Under the Covers
I really liked Abby Jensen, the heroine of Under The Covers. I really, really liked her. Whenever the story focused on Abby, I was quite pleased. As for everything else about the book, well, “Uneven but shows promise,” covers it nicely.
All marriage counselor Abby Jensen wanted to do was write a book to help couples keep romance alive in their marriages. She thinks of her book, Under the Covers, as a tool to resurrect marriages that have gone a little stale, but her publisher and publicist have marketed it, and her, as the Dear Abby of sex books. Abby is horrified, but the book is selling like the latest John Grisham. Just as she is about to go on a major television talk show book tour, Abby finds out that her husband, Lenny, has left her for another man and that the two of them are wanted for fraud not only by the police, but also by some of Lenny’s “associates.”
Since Abby is to be featured along with her husband on the tour, her sister, part-time actress and major flirt Chelsea, volunteers to find Abby a television husband. Hunter Stone, a reporter for the Atlanta Journal Constitution, wants to do a story on the real Abby Jensen. Hunter’s career hasn’t been going too well lately, and if he writes a good tell-all exposé, it will give his career a much needed boost. Posing as actor Harry Henderson, Hunter takes the job as Abby’s husband for the book tour, prepared to expose a money-hungry cynic. But the woman he encounters is sweet, kind and totally dedicated to the institution of matrimony.
Like I said, I liked Abby from the first. Her mother and father are free spirits and had never married, but her grandmother and grandfather are still happy together after 60 years and are her ideal for marriage. Abby truly believes that a happy marriage is possible for anyone and has dedicated her career to helping couples achieve this. She is also devoted to her sisters: Victoria, who does not date; and Chelsea, whose motto is You can never have too many shoes or too many men.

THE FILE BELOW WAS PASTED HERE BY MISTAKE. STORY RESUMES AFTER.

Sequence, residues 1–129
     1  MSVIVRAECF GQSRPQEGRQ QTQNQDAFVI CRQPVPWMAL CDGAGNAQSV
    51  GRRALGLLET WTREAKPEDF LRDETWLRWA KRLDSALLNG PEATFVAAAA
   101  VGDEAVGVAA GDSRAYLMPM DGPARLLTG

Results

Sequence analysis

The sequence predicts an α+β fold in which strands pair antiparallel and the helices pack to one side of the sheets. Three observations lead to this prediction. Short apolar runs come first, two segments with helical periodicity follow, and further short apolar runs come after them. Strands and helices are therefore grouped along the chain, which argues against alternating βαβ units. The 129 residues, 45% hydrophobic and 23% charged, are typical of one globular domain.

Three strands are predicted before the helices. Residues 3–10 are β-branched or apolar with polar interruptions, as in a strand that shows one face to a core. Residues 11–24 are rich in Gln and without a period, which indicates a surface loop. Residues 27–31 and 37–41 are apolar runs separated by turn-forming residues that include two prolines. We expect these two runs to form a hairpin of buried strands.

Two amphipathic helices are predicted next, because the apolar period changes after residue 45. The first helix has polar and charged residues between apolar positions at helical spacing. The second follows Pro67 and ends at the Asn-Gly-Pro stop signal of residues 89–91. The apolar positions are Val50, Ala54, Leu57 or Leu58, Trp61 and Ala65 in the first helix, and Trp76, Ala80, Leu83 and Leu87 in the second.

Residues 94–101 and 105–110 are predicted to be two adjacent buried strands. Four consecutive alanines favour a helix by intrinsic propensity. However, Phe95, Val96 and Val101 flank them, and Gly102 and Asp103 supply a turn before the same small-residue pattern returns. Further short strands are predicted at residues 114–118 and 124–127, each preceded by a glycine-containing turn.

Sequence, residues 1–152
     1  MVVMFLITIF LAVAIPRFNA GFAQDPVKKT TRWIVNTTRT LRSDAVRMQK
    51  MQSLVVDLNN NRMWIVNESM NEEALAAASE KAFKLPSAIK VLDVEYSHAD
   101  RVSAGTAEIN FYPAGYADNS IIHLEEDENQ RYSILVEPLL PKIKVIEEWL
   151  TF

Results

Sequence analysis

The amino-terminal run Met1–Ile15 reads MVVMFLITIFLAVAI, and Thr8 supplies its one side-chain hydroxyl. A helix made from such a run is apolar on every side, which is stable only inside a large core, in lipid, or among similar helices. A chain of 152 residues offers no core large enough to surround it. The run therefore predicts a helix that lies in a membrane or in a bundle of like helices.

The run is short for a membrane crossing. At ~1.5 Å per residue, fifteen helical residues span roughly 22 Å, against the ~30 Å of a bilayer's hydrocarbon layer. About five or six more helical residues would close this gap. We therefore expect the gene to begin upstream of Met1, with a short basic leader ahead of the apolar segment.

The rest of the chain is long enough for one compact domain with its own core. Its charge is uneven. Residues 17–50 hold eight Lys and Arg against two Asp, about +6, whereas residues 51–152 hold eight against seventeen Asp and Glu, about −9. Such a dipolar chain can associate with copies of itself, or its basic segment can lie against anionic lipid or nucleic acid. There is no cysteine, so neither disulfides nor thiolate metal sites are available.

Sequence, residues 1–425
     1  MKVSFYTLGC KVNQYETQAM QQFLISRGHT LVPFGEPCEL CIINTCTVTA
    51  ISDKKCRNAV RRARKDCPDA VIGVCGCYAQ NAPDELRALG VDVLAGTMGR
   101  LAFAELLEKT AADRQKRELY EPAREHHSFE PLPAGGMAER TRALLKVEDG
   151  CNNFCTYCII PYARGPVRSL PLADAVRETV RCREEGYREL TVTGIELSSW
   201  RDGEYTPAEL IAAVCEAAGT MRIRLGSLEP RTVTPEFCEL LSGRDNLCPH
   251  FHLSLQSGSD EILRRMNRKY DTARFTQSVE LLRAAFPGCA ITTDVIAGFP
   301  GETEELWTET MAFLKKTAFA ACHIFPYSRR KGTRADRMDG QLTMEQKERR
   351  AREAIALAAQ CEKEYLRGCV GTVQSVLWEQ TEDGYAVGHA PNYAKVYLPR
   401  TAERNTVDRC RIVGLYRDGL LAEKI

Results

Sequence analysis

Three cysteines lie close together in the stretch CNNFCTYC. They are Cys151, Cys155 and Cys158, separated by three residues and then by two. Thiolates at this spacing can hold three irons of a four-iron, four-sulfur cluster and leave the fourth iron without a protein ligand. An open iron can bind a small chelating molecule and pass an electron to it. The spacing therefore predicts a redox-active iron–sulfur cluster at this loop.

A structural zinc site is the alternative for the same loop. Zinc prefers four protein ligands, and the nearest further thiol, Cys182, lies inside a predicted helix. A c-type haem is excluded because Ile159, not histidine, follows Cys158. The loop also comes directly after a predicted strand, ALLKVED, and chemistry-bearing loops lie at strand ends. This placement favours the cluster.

Hunter began as a bit of a jerk. His ex-wife had been a reader of Abby’s works and Hunter blamed her for the break-up of his marriage. Fortunately, that attitude did not last – not after he got to know Abby. Hunter engages in some odd stunts during the course of the book. At one of Abby’s early book signings (before he passed himself off as Harry Henderson) he dressed up as a woman to check out Abby. When one of her contact lenses fell out, and she started to wink a lot, Hunter thought she was winking at him and that she was secretly a lesbian. Not funny. However, once Hunter goes into his Harry persona and begins to spend time with Abby, he softens up and becomes much more likable. The divorced Hunter deeply loves his five-year-old daughter, which served to make him more human. That said, however, his daughter was one of those teeth-grindingly “cute” baby talking characters.
The story swung between funny – like the time Abby gave some tips to a group of senior citizens – and overly silly – like the time Abby’s dignified sister Victoria helped out by posing as a stripper. There were other over-the-top incidents and characters too, such as the thug who is looking for Lenny…who wears a leisure suit. (Probably found in the same landfill where he stashed Jimmy Hoffa.) When the story focused on Abby and Hunter, I enjoyed it very much. When it went off into the stratosphere, so did my patience.
Under the Covers shows some real promise; even with all the faults I’ve enumerated, Abby (and eventually Hunter) are an engaging couple. If author Herron can get secondary characters as good as her lead ones, and tone down the farce several notches, she will be a writer of romantic comedy to be reckoned with.